Playwright Phillip McMahon, the co-founder of acclaimed theatre company THISISPOPBABY, writes for Culture about his latest work, Come On Home, which opens at The Abbey on July 13th.
I’ve been making theatre at the Abbey for over twenty years. It began with National Youth Theatre in 1996, when twenty-two of us stormed the Peacock Stage every night over a transformative summer run. Later in my teens, when things were feeling very unfocussed, director Brian Brady, in an effort to mind me, cast me as small parts in big productions like The Mapmaker’s Sorrow at the Peacock and The Rivals on the Abbey Stage. I would watch actors like Anita Reeves and Pat Kinevane tear up the stage with their fierce talent, and I’d marvel at the relationship between performer and audience – that celebration of humanity. It was an apprenticeship of sorts, and it worked – by twenty I was hooked.
Much later, I would go on to write for both stages – Alice In Funderland (the first musical to be staged at the Abbey in over thirty years) exploded onto the Abbey Stage like popping candy in a fizzy drink. It was a coming of age for my collaborators (Jenny Jennings, Wayne Jordan, Ray Scannell) and I, and the company of actors, designers and technicians was a dream. It was the best of times.
Investment Potential and Town Is Dead both had outings on the Peacock Stage – two very different plays that I am equally proud of. Running in parallel with all this, my own company THISISPOPBABY was queering the Peacock with the seminal and now legendary nights, WERK – a late night haze of neon, disco and something that was somewhere between immersive installation and performance wonderland. It was the best of times. As well as WERK and Alice, THISISPOPBABY would introduce drag superstar Panti, under my direction, to our National Theatre, playing the Peacock first and the Abbey Stage later, with that legendary Noble Call happening in between.
For me, the Abbey Theatre has always been a dream space and a safe harbour. It’s a place where I have come, and come back to, to understand myself – as audience member, citizen and artist. Through playwrights like Marina Carr, Mark O’Rowe and Tom Murphy, the Abbey offers a space to investigate our Irishness – together. That idea has been massively important to me over the past twenty odd years. As the son of Irish emigrants, born in London, we were too Irish in England and not Irish enough in Ireland. For a myriad of reasons, Ireland never quite felt like home. Through the theatre, as so often is the case, I came to realise that I was not alone.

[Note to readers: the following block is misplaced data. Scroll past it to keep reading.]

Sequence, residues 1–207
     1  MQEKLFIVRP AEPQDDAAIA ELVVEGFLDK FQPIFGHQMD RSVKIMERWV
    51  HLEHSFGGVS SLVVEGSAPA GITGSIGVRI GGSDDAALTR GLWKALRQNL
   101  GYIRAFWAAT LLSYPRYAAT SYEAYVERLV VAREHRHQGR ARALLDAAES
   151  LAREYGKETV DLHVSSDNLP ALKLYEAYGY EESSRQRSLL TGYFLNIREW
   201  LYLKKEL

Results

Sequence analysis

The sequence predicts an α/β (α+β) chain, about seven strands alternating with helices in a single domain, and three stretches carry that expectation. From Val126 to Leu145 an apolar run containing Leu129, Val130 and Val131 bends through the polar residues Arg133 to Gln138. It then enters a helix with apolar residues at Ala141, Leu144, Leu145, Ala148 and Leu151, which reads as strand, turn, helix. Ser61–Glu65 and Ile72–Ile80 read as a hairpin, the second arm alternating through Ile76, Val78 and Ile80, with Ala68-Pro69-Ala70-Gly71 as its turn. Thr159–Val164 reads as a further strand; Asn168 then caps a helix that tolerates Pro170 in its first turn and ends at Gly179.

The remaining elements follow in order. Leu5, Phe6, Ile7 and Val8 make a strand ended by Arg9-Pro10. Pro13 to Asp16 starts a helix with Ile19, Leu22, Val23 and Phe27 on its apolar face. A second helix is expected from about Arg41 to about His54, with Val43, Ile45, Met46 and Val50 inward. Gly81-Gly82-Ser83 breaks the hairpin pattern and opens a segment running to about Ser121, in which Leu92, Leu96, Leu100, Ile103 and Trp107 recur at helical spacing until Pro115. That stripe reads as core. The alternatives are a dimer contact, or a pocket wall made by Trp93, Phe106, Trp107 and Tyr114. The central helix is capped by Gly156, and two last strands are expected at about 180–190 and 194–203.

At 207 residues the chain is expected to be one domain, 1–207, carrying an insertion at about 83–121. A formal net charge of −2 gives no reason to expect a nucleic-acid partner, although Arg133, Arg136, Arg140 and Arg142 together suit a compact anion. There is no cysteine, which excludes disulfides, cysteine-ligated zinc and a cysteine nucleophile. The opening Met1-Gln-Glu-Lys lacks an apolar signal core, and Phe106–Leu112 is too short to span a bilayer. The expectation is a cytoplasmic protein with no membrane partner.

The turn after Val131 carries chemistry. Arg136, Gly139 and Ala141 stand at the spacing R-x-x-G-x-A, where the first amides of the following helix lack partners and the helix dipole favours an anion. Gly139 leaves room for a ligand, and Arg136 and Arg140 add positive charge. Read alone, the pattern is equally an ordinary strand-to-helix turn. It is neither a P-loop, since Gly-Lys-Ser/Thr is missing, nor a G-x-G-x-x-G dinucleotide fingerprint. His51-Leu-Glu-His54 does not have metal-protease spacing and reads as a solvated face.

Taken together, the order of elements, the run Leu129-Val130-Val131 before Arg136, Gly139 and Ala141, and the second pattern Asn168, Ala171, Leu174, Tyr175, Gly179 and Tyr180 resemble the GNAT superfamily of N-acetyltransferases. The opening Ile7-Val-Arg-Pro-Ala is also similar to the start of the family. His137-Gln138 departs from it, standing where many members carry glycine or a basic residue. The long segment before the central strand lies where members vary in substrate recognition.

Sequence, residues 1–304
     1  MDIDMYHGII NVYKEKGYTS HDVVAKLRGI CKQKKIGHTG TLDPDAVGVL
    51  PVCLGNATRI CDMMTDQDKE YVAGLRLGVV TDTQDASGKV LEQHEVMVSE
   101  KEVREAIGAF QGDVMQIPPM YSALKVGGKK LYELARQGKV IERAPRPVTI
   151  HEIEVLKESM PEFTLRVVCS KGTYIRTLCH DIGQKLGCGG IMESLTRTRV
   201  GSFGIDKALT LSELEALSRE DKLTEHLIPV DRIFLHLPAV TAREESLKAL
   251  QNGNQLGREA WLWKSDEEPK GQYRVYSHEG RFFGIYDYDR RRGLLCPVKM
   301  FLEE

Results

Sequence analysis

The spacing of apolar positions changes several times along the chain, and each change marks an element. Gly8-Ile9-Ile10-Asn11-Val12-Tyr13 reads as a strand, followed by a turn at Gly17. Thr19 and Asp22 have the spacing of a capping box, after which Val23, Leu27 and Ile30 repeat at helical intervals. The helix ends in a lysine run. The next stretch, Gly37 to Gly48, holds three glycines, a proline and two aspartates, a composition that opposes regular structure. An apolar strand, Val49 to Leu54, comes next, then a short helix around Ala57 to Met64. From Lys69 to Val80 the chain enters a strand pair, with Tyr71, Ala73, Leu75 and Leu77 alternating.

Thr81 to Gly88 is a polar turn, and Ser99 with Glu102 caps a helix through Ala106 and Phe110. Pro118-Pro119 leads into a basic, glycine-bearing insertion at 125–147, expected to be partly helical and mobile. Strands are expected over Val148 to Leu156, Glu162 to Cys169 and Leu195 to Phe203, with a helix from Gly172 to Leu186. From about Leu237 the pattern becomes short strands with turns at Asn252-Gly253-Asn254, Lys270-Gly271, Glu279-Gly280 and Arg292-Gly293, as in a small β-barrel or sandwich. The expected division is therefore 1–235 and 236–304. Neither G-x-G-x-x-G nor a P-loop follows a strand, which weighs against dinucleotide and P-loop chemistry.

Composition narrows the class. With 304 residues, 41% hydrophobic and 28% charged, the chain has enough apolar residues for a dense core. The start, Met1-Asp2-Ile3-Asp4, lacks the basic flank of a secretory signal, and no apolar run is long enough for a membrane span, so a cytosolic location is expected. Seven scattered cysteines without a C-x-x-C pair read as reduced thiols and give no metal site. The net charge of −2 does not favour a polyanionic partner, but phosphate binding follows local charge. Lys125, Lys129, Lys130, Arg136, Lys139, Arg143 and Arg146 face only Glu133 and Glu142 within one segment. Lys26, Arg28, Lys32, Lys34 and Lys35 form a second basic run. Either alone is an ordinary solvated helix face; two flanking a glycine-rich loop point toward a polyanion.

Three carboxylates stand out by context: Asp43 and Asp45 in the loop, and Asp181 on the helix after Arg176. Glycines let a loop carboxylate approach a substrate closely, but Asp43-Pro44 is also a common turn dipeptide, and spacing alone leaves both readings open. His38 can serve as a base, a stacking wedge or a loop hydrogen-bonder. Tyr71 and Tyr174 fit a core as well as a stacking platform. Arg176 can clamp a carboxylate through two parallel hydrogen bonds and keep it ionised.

I’d marvel at the relationship between performer and audience – that celebration of humanity.
For the same and entirely different reasons, generations of Irish people have felt not at home here – emigration, sexuality, sexual abuse, Magdalene laundries, constitutional refusal of bodily autonomy – the list goes on. There’s a collective national trauma that we are working through, or beginning to work through perhaps. I believe the theatre can help with that process. By shining light into dark corners, the theatre can lead to understanding and healing – or just ask questions. Sometimes questions are even more powerful than answers.
Come On Home is a play about family, faith, place and desire. The seed of the idea was planted many years ago, around the turn of the millennium, when I was travelling overseas in a gap year. I ended up sharing an apartment, for a short time, with an older gay couple who were practicing Catholic priests, and practicing homosexuals. For a twenty-year-old not-yet-recovering Catholic this reveal was very confronting, but over time we three had amazing conversations about faith and sexuality. I could never quite wrap my head around the idea of working for an organisation that fundamentally hates you for who you are, but I could understand a love for God that was so strong that you believed in changing the organisation from the inside. There were always more questions than answers. Since then I have become friends with many gay ex-seminarians, all with similar stories about the church offering them a way out of small town Ireland just as their burgeoning sexuality was about to blossom. Some saw the priesthood as a place to hide while they figured themselves out, others stayed for the theology and free education. The ex-seminarians that I know are wise and kind, caustic and caring – they have gone through a personal searching spiritual journey that most of us could not even comprehend, and then been spat out – often for the very reason they took shelter in the first place. Homophobia has meant that many of these men have never got to be at home in their birthplace. They are forever travelling. Through Michael in Come On Home, I hope that we get to travel a short while with them.
For me, the Abbey Theatre has always been a dream space and a safe harbour.
Since I began writing this play, some major changes occurred in Irish society; the Gender Recognition Act 2015 enabling trans people to achieve full legal recognition of their preferred gender, the Marriage Act of 2015 providing for same-sex marriage in Ireland and the recent referendum where the country voted, by a landslide, to Repeal the eighth amendment to our constitution – a giant step on the journey to providing full bodily autonomy for the women of Ireland. These changes, and others, have meant so much to so many people. These changes have brought so many of us in from the outside. These changes have meant, that for the first time, many of us can finally call this place home.
We live here now.
Come On Home is at the Peacock stage of the Abbey Theatre, Dublin, from 13 July - 4 August 2018 - more details here.